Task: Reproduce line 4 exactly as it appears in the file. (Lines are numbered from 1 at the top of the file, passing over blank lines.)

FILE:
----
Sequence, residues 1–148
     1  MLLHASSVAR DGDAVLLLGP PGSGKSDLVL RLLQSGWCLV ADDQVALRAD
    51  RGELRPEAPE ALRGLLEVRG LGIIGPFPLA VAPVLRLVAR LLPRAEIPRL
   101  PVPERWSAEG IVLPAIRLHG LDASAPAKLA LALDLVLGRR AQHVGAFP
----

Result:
   101  PVPERWSAEG IVLPAIRLHG LDASAPAKLA LALDLVLGRR AQHVGAFP